Riverside resident heads Formosan Termite Task Force

Robin Lumb, of Riverside, a former City Councilman who is currently serving as Director of Policy in the Office of the Mayor, was appointed to head a task force grappling with the prevention and eradication of a particularly aggressive termite. The Resident interviewed Lumb for an in-depth look at what the task force is up against.

Q: Just how pervasive is the Formosan termite infestation? There are reports that Springfield, Riverside and San Marco have been identified as districts where Formosan termites have been detected. Are there other areas of the county that are affected? How did they come to be in Jacksonville?

A: First, let me say that until the Cummer Museum of Art & Gardens applied for a permit to demolish the Woman’s Club, the subject of Formosan termites was on very few radar screens.  Fortunately, Mayor Lenny Curry reacted quickly and asked that we develop a workable strategy to deal with this invasive species of termite which lead to the creation of the Jacksonville Formosan Termite Task Force (JFTTF). As for how extensive the problem is, it’s hard to say how many areas of the county are affected at this time as the information we have is mostly anecdotal. However, there are reports of activity in the areas you’ve identified. Although they were first detected in Jacksonville in 2005, it’s a matter of speculation as to how they got here.  The most plausible theory, based on conversations I’ve had with subject matter experts, is that they arrived via infested shipments of firewood and landscaping timbers.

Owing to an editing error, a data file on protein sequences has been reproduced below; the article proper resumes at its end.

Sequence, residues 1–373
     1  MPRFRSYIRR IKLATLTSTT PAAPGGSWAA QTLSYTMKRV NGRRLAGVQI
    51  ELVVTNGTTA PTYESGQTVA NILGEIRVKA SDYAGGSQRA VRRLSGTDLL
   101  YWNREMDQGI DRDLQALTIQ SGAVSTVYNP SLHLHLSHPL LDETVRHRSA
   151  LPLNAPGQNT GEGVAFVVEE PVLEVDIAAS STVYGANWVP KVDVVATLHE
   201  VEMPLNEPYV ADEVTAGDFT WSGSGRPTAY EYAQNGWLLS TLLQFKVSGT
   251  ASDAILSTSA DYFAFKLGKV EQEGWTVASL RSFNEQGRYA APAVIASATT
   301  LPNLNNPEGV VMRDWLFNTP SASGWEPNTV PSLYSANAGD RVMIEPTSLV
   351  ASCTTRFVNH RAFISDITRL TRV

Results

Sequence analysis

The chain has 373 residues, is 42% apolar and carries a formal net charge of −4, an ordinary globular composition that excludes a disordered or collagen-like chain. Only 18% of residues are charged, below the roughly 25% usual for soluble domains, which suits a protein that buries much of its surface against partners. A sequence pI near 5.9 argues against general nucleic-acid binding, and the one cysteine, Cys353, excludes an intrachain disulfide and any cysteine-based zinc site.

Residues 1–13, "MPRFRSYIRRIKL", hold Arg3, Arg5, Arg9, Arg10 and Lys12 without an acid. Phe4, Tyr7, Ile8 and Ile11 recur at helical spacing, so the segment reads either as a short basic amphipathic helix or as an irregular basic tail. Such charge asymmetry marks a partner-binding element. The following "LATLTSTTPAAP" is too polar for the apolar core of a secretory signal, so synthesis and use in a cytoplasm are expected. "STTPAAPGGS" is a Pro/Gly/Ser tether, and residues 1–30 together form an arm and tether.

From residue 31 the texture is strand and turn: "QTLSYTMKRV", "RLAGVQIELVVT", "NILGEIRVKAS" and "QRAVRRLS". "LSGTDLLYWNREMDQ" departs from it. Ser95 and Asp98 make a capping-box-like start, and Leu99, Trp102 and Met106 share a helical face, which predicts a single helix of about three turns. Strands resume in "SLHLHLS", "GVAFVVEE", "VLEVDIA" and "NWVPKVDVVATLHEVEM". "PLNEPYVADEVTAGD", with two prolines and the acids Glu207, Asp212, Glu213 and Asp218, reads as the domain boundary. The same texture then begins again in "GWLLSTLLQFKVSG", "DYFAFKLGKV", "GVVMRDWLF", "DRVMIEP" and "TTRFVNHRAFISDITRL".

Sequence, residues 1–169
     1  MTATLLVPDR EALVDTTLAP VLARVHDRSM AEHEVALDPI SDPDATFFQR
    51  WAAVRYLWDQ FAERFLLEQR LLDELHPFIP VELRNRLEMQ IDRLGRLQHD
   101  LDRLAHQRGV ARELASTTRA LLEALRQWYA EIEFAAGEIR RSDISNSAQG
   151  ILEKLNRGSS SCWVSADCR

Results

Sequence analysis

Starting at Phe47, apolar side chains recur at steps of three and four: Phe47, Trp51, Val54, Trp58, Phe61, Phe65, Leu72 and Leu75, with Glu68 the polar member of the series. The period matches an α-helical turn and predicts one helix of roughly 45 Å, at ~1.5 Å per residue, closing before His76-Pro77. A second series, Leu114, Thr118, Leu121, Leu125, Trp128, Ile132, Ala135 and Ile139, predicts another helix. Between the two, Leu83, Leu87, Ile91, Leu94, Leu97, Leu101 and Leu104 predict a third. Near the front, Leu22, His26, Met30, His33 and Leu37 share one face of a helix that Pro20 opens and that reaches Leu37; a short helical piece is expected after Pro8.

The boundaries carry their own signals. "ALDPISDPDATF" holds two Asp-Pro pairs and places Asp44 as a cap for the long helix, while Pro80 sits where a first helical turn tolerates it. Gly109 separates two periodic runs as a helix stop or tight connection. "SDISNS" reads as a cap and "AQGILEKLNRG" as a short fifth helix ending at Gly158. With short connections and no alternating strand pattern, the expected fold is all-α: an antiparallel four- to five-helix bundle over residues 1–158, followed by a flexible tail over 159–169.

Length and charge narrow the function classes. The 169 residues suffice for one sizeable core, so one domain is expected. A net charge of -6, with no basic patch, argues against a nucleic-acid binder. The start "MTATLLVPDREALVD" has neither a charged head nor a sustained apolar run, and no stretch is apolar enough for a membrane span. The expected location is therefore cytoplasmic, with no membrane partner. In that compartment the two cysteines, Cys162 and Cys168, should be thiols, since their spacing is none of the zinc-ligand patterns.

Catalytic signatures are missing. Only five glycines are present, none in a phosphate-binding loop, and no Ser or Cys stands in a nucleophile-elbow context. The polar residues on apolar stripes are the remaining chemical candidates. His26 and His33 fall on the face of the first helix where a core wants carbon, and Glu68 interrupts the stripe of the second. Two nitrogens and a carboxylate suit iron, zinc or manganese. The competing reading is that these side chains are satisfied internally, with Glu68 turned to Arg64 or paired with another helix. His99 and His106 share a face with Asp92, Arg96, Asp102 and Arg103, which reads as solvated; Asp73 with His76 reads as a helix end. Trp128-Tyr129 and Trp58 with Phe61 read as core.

Q: Some have said the Woman’s Club did not necessarily need to be demolished while others maintain it was not salvageable. What are the actual facts in this situation? The question has also been asked whether the Cummer had a “termite bond” on the building.

A: The Jacksonville Historic Preservation Commission (JHPC) voted to grant the demolition permit based on extensive documentation submitted by officials with the Cummer Museum. The JHPC concluded, based on engineering and structural reports, that demolition was warranted in this particular case. As for the existence of any termite bond, that would be a question for the Cummer Museum to answer. (A word of caution: Although “termite bonds” are standard in the industry and can provide a certain level of protection for homeowners, to remain in force most bonds require an annual re-inspection and a renewal premium. In some cases, termite bonds specifically exclude Formosan termites from coverage. Homeowners should read the termite bond and any associated contract carefully to understand coverage limitations and any obligations they might have thereunder.)

Q: How many structures have been identified as having active infestations? What percentage of our tree canopy has also been infested? Is the City’s urban forester involved? What about other groups such as the JEA, Greenscape, etc.?

A: We have no way of knowing how many structures have been infested because reporting, at this time, is voluntary. So that we can identify the areas where activity is highest, one of the goals of the JFTTF is to begin mapping both known infestations and the annual swarming of Formosan termites that occurs during the months of May and June. As for infested trees, several trees along Riverside Avenue near Memorial Park and along Oak Street west of 5 Points have Formosan termites. The JFTTF will have the active participation of urban foresters from Public Works, the JEA and the Duval Agricultural Extension Office as well representatives from other local and state agencies. Our subject matter experts are drawn from the University of Florida’s Institute for Food and Agricultural Sciences, the Duval Agricultural Extension Office, the Florida Department of Agriculture and professional pest control companies. Organizations like Greenscape and Riverside Avondale Preservation, as well as a number of other local stakeholder groups, will be among the 30 to 40 Task Force members.